Social isolation has not fazed our regular Ferrybridge-goers and a quick walk up the road instead provided a pair of Stonechats...© Debby Saunders:

...and this fabulous male Siskin © Pete Saunders

26th March

Not much of a migration spectacle on land or sea today with the continuing fine weather reducing groundings of nocturnal migrants at the Bill to little more than could be counted on the fingers of two hands, whilst a shift in the breeze back towards the northeast killed off sea passage; the most disappointing feature was an almost total lack of visible passage in what looked to be perfect conditions. Several of what few migrants were about on the ground looked to be long-term lingerers including 2 White Wagtails and singles of Black Redstart and Redwing at the Bill; sea movement there included 53 Common Scoter, 3 Red-throated Divers and singles of Black-throated Diver, Arctic Skua and Sandwich Tern.

Single Large Tortoiseshells were seen at two sites at Fortuneswell.

Portland residents are pretty fortunate to have a wealth of potentially migrant-rich footpaths along which to undertake their daily constitutional walk during these peculiar times; their rewards have been pretty scant so far but we wouldn't mind betting that with the extra miles being covered one or other of them bumps into something decent before too long. Yesterday's routine fare included Wheatear and Turnstone © Geoff Orton:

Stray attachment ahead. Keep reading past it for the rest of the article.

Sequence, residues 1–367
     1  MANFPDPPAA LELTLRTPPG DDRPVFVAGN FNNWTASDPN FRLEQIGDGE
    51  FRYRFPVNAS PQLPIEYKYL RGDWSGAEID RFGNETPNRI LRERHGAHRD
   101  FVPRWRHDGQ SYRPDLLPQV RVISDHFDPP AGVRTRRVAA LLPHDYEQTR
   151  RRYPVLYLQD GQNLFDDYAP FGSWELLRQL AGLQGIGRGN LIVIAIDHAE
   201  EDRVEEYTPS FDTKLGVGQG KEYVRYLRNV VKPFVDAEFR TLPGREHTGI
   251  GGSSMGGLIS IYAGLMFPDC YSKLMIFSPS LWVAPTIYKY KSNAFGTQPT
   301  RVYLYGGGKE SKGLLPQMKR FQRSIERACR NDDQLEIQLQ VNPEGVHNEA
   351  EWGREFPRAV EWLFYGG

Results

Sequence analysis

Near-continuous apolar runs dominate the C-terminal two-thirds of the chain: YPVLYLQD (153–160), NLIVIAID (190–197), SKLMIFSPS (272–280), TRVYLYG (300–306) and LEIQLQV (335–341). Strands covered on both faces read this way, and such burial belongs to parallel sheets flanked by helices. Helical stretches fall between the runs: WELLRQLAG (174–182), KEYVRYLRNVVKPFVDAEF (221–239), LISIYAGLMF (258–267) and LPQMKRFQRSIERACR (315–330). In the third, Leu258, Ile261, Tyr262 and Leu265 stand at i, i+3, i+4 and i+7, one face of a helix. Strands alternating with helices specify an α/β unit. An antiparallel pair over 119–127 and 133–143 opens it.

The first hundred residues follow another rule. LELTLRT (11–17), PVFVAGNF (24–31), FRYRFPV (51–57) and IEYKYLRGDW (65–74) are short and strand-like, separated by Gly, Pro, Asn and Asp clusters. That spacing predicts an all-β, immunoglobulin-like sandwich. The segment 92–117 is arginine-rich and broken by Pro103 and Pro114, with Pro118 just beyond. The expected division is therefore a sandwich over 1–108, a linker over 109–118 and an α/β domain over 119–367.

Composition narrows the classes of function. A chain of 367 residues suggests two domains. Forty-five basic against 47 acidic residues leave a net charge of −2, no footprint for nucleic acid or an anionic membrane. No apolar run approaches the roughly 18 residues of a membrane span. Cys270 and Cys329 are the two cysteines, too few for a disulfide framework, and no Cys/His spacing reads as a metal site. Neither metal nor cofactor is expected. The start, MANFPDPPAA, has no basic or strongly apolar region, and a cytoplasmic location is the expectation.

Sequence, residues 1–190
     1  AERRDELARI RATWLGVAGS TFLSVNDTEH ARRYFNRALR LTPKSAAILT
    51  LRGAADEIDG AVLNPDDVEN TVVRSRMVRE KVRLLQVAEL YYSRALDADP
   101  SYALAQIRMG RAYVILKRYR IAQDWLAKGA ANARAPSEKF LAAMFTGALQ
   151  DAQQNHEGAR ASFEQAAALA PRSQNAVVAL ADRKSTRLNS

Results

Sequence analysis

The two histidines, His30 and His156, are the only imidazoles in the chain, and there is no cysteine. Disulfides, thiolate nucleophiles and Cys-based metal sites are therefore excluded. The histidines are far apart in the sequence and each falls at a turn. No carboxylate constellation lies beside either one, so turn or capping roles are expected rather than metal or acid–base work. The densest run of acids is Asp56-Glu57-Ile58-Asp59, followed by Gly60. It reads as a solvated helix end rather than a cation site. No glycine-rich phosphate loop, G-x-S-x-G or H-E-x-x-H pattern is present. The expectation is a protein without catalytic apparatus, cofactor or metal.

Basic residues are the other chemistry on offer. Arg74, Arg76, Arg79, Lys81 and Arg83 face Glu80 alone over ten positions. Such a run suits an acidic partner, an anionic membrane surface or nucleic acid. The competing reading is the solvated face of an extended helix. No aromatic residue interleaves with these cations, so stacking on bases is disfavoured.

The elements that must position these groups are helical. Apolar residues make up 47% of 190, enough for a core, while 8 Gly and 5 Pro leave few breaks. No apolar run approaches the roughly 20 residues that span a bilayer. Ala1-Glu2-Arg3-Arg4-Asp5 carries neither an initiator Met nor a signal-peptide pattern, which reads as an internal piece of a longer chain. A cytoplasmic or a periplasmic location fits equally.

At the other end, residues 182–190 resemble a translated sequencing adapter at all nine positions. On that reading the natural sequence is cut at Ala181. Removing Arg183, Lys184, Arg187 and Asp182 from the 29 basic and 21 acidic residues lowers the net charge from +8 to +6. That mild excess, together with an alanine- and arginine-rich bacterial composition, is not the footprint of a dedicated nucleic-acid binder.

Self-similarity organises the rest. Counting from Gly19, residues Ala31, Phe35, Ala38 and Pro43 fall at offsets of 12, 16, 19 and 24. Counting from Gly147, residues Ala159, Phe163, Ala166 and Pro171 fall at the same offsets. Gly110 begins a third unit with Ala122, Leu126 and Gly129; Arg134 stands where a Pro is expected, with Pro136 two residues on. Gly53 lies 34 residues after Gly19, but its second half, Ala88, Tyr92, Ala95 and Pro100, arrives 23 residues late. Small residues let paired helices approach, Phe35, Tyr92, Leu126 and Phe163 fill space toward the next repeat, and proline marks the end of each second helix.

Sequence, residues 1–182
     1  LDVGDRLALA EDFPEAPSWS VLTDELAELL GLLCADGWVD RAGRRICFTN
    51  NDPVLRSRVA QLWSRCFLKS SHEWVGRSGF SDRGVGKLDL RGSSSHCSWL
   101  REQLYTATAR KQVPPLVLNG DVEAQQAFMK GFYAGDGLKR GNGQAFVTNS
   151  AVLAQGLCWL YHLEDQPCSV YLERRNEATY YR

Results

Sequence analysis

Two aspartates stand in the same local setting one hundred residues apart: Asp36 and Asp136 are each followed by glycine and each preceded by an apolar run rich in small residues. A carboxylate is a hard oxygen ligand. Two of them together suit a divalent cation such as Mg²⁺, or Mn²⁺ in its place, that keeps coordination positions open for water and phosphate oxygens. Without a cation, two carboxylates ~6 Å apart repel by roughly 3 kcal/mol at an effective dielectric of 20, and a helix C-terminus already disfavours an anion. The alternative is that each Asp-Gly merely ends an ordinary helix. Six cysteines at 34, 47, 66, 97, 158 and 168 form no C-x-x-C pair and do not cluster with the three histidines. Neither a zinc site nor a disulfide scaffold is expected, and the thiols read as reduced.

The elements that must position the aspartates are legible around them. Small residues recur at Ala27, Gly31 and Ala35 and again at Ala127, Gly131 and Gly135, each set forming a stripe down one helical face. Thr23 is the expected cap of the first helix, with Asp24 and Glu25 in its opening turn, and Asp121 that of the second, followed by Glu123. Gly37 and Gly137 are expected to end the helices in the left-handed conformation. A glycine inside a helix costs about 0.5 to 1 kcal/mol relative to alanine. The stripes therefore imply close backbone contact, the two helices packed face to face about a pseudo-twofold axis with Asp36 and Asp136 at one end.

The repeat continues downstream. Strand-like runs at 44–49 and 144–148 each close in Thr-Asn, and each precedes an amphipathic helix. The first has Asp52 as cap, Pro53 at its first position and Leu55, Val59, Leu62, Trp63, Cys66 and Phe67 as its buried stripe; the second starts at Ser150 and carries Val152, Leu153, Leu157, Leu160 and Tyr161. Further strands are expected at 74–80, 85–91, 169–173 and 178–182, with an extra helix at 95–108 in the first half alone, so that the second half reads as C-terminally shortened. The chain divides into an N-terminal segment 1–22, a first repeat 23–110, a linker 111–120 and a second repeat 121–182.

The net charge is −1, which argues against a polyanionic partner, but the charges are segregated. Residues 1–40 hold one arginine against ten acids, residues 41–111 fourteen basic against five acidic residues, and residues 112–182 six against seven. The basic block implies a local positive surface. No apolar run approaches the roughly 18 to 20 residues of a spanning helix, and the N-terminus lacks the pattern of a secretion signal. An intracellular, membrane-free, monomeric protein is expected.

At the Obs, our mist-nets have quietened right off in recent days, although that has allowed us to tinker around with perhaps restarting having a closer look at some species on the blog. When we used to have a go at this on the old website the aim wasn't a 'teaching granny to suck eggs' series for ringers but rather dabbling at showing birders the sorts of features that might be visible on a good field view. We doubt that we'll ever get round to being systematic with this and the first bird out of a bag yesterday was a minor Bill scarcity in the form of a Bullfinch. Sexing's well covered in any guide so there was no bother with this female:

Ageing also wasn't a problem since all young Bullfinches retain a certain number of juvenile feathers throughout their first year - most visibly, this youngster born last summer retained, for example, a couple of outer greater coverts and all the primary coverts:

On the closed wing, we did notice just how readily the two juvenile greater coverts disappeared from view beneath the other eight adult-patterned feathers in this tract so in the field it might be that the most obvious sign of immaturity would be the dull - matt as opposed to glossy - primary coverts and alula © Martin Cade:

25th March

Another bout of glorious sunshine today, albeit always tempered by a keen southeasterly breeze. A fall of migrants was never on the cards but the subtle shift in wind direction more than perked up the sea that provided entertainment throughout the morning, with Bill totals that included c300 auk spp, c250 Gannets, 126 Kittiwakes, 88 Common Scoter, 13 Red-throated Divers, 12 Little Gulls, 7 Black-headed Gulls, 6 Garganey, 4 Eider, 3 Manx Shearwaters, 3 Mediterranean Gulls, 2 Shelducks and the first Arctic Skua of the spring; lower numbers off Chesil included 2 Red-breasted Mergansers. It was very hard going on the land, where odds and ends amongst pitiful numbers of common numbers on the ground included singles of Snipe, Black Redstart, Redwing and Bullfinch at the Bill, a White Wagtail at Suckthumb and a Black Redstart at the Grove; visible passage was also disappointingly light, with no more than a trickle of hirundines, pipits and finches on the move along West Cliffs.

A Large Tortoiseshell was seen near Verne Common.

24th March